Retired Lt. Gen. Donald L. Peterson, head of the Air Force Association from 2002-2007, died July 3, at the age of 76, after a long illness. Peterson concluded his 35-year Air Force career in 2001, as deputy chief of staff for personnel, having previously been the assistant deputy chief for air and space operations, director of NORAD and commander of the Cheyenne Mountain Operations Center. A 1966 graduate of Texas A&M, he received his commission through the ROTC and completed pilot training in 1967. His flight experience was highly varied, having logged over 4,000 hours in trainers, tankers, intelligence platforms, fighters and strike aircraft. He flew the F-4E in Southeast Asia during the Vietnam War, amassing 597 combat hours. He was awarded the Distinguished Flying Cross for action in 1972-1973 as an F-4E flight lead, and he was an F-15 pilot in Germany during the height of the Cold War. He commanded a tactical fighter squadron, tactical fighter wing and flying training wing. Peterson became Executive Director of AFA in August, 2002; four years later, that position’s title was changed to President. Peterson directed AFA’s professional staff and managed the operations of AFA and its then-affiliate, the Aerospace Education Foundation. As AFA President, he was also Publisher of Air Force Magazine. Retired Gen. Larry O. Spencer, current president of AFA, said “to many in AFA he was both a friend and mentor. He will be sorely missed by the AFA family he served so well.” —John A. Tirpak


An A330 Multi Role Tanker Transport aircraft performs an aerial refueling. NATO photo.

Two More NATO Nations Join European Tanker Fleet

Germany and Norway have joined a NATO initiative to build a European, multinational tanker fleet to reduce over-reliance on US air refueling capability. Netherlands kicked off the effort, first announced in 2014, and Luxembourg also signed the Memorandum of Agreement soon after. Those nations ordered a total of two Airbus A330 Multi Role Tanker Transport aircraft. With Germany and Norway now signing on, the number of tankers in the NATO fleet is expected to grow to seven, with first deliveries due in 2020. At a signing ceremony last week, NATO Assistant Secretary General for Defense Investment Camille Grand said that the program “provides cost-effective and flexible solutions” for allied nations, according to a press release. In 2018, Belgium is also planning to join the program, which is still open to additional entrants.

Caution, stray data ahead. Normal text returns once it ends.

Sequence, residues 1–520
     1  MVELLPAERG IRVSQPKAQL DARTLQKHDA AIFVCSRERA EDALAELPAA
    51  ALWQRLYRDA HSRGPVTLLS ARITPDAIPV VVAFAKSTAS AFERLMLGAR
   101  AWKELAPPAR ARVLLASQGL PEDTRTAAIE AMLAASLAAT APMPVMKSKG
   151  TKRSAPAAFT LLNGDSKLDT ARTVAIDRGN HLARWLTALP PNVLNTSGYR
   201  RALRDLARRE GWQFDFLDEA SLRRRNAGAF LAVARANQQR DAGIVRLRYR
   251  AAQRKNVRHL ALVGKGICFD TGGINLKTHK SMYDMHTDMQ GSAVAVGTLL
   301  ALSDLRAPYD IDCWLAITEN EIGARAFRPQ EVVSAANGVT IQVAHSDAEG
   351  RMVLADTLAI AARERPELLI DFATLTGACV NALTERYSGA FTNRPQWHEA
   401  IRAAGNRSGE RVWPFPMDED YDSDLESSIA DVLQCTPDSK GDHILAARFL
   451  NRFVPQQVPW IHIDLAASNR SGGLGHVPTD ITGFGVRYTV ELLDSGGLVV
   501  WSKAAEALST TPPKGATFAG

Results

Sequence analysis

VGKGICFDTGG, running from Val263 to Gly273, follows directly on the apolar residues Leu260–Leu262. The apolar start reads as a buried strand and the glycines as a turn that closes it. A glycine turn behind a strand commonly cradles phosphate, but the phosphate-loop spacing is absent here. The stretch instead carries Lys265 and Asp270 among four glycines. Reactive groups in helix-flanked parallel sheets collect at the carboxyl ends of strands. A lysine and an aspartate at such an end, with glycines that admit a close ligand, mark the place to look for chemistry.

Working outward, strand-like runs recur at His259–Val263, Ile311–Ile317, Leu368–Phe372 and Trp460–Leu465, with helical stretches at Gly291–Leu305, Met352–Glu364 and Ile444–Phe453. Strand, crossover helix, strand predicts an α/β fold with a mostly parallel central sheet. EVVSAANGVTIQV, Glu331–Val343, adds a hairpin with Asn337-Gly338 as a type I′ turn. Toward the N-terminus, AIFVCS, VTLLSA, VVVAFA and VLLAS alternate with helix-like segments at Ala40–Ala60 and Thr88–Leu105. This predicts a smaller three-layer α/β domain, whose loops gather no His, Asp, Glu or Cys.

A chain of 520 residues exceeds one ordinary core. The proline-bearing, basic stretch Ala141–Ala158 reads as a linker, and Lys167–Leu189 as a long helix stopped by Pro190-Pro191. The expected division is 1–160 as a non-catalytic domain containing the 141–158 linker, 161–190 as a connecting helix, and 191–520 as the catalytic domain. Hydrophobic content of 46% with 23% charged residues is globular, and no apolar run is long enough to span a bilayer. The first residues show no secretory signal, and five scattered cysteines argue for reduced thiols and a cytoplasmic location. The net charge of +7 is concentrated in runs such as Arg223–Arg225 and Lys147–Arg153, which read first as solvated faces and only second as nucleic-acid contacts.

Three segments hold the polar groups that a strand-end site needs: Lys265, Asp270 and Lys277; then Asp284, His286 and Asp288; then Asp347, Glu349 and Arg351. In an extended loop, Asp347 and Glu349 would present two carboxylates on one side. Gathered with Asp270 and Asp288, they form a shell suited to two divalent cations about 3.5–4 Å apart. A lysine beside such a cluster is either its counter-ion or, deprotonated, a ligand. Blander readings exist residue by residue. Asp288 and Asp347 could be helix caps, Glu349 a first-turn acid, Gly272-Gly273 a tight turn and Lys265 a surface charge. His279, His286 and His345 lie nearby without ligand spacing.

—Twenty-two aircraft, eight units, and more than 100 service members participated in Combat Raider 17-3, which concluded on June 30. The large force exercise—held at the Powder River Training Complex and ranging over South Dakota, North Dakota, Montana, and Wyoming—featured scenarios involving counter-air?, strategic strikes, strike coordination and reconnaissance, close air support, and personnel recovery: AFGSC release.

—US forces will join Kyrgyz, Mongolian, Pakistani, and Tajik forces, along with observers from Kazakhstan, for an annual Regional Cooperation command-post exercise in Dushanbe, Tajikistan, from July 10 to 23, 2017. The exercise will be led by Tajikistan’s defense ministry and will involve more than 200 personnel: CENTCOM release.

—A corporate reorganization at Airbus has placed the defense and space sector, along with the helicopter sector, under the commercial portion of the business. This move completes a series of changes that began in 2013 and included the rebranding of the defense segments, previously called EADS, under the Airbus name: IHS Jane’s has the story.